7. #47
    Join Date
    Jun 2009
    Location
    Milford, DE
    Posts
    153
    Images
    40
    Originally Posted by MATT JOHNSON
    I never understood Kicking to catch a wave when riding a shortboard. I see all these people and gromets doing it but does it really help??? I never kick my feet and I have no issue catching waves?



    I read a report a while back on kicking your feet while catching a wave, which was written by a pro surfer. I can't seem to find it, but stated that it does nothing to help you catch a wave.
    I always kick my legs when paddling for a wave; I guess it's just instincts. Then again, I use to bodyboard before surfing.

  8. #48
    Join Date
    May 2008
    Location
    Long Branch
    Posts
    368
    Images
    3
    Quote Originally Posted by MATT JOHNSON View Post
    I dont know I tried to kick but it help I just found to throw off my timing . Its probally cause I just always paddled without kicking
    I think it only works with a shortboard

  9. #49
    Join Date
    Oct 2009
    Location
    North Wildwood ,Nj
    Posts
    2,992
    Images
    5
    Quote Originally Posted by darippah View Post
    I think it only works with a shortboard
    thats what I was refering to when I ride my shortboard. I think its that I have ridden logs for most of my life that I have trained myself over the years without knowing it to only paddle and not kick my feet.

    Guess I am gonna have to try to kick more

  10. #50
    Join Date
    Oct 2009
    Location
    Seattle, WA
    Posts
    485
    Quote Originally Posted by leethestud View Post
    Simply, and excuse my french, you just need to grow a set. Thats the difference between surfers and bad ones, how hard they charge. You can only take but so many poundings before you find a way in, its human nature.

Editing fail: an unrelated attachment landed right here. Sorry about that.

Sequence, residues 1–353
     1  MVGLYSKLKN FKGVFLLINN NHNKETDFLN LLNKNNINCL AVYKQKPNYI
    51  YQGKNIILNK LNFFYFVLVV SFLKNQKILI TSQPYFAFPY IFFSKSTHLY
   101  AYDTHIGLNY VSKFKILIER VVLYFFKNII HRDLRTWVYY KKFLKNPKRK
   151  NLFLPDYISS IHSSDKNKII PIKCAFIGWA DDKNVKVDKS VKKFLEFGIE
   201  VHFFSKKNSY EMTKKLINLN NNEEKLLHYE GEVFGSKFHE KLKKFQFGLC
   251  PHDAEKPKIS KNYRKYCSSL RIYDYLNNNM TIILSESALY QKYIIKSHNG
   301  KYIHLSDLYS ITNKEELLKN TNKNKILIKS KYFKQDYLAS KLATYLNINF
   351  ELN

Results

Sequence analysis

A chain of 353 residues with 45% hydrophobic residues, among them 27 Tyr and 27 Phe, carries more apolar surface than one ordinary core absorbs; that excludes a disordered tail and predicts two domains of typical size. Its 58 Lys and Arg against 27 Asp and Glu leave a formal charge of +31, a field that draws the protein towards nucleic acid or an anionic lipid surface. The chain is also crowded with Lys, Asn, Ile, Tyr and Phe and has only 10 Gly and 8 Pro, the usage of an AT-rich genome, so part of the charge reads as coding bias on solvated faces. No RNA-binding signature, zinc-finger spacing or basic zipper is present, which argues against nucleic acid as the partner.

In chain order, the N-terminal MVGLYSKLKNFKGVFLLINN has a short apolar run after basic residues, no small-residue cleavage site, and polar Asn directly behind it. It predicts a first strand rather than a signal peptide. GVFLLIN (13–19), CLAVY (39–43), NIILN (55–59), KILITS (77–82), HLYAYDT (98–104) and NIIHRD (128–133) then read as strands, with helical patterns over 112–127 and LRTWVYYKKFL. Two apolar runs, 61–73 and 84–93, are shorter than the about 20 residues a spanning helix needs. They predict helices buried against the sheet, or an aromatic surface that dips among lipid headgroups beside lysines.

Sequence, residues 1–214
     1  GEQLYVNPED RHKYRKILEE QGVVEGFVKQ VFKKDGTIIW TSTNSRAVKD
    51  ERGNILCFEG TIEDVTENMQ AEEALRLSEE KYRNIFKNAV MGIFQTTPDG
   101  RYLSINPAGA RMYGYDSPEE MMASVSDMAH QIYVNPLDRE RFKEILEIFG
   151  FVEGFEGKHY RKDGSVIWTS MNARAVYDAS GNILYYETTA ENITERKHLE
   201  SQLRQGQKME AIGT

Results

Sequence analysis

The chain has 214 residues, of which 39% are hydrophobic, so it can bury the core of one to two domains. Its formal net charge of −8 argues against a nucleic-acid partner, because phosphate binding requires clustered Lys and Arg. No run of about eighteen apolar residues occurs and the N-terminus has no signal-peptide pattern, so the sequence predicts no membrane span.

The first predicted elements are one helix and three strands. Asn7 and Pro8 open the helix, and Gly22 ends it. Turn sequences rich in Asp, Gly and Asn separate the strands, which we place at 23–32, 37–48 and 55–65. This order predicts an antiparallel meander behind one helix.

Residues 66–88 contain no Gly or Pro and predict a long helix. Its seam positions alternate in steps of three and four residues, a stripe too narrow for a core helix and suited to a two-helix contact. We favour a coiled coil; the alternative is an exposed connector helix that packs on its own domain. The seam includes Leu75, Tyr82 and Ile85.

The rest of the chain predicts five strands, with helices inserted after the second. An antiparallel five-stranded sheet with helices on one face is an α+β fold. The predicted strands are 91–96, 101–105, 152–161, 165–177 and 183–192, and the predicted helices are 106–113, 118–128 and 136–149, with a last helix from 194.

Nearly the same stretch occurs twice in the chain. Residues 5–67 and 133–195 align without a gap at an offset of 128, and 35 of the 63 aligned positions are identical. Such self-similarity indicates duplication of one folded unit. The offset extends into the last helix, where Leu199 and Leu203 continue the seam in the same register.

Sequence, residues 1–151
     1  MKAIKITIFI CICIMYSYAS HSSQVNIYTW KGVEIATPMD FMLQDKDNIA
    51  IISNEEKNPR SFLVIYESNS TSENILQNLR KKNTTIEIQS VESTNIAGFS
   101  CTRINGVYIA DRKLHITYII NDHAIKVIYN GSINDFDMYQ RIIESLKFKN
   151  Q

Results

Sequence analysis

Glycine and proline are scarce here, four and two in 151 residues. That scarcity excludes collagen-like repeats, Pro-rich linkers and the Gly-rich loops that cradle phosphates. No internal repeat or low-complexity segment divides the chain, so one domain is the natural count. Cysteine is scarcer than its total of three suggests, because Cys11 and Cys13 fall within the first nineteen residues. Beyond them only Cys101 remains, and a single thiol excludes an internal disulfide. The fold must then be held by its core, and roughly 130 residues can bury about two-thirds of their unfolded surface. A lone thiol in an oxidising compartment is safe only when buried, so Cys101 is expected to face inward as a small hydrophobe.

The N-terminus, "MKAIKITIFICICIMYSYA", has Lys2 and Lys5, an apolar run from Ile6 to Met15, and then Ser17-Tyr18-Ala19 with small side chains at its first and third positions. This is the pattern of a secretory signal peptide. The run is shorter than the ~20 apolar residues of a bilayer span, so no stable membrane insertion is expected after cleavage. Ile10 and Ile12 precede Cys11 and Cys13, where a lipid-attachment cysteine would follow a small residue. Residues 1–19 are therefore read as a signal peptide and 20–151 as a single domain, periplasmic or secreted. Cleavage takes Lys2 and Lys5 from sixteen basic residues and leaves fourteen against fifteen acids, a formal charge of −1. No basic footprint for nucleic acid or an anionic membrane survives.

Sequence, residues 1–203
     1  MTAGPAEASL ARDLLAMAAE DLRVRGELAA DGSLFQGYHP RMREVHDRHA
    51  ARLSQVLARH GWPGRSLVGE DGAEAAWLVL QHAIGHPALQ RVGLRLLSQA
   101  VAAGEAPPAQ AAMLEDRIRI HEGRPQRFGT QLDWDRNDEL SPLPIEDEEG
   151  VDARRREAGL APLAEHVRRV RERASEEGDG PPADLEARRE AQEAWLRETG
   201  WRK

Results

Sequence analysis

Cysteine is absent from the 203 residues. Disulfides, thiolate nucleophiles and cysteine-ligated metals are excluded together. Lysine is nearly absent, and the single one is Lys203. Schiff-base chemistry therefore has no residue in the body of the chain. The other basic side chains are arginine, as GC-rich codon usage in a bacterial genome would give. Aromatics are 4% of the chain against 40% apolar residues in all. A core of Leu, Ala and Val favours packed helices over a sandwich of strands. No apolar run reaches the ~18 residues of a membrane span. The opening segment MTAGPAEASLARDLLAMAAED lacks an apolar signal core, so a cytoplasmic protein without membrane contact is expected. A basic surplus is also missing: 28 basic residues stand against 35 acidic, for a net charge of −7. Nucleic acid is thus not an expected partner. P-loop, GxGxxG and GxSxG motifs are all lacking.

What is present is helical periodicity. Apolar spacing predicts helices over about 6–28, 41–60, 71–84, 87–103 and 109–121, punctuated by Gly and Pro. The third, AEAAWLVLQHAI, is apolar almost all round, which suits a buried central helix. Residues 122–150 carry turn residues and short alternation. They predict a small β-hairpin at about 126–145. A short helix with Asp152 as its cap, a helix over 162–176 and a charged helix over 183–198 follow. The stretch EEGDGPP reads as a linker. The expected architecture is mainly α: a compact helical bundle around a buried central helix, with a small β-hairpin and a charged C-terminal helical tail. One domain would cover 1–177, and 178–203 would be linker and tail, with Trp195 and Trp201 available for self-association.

Its amazing what you get away with on a surfboard if you just go for it.
    Well said. You're not going to suddenly "do it right" and say "Wow, why didn't I think of that earlier?!" Well, maybe you will, but I've seen a lot of people learn to surf, and I've never seen that happen. Just go out there and eat sand, again and again and again. If you're thinking "how do I take off on this wave?" you're already thinking too much. Just do it. I know that probably sounds like an over-simplification, but it's really not. Paddle like you're having a seizure and just go for it. Don't give up, just eat more sand, and eventually you will transition from only being able to take off on the mushy ones. The best way to do this is to surf in as many different conditions as possible. Surf the big hollow days, surf the knee high days, everything. I would HIGHLY recommend taking a surf trip to somewhere with quality, consistent (but not huge) waves. Don't do it until you can catch the semi-mushy chest high waves and not fall. Otherwise it might be a waste of money. In my opinion, it's still a great time. I went on my first "surf trip" to Costa Rica with some college buddies before I could even stand up consistently, but the whole experience got me amped enough to stay motivated through the rest of the learning curve. Costa Rica is a good option. It's safe, cheap, pretty good year round, and has lots of options. You'll eventually figure it out if you just surf the right coast, but it might take a while. We only get so many chest-shoulder high days, and that's what you really want for learning. Cali is great too. If you're ready to invest in a wetsuit, head up to Santa Cruz in November/December. Amazing waves of all kinds, great for improving your surfing without all the hassle of dealing with passports/customs.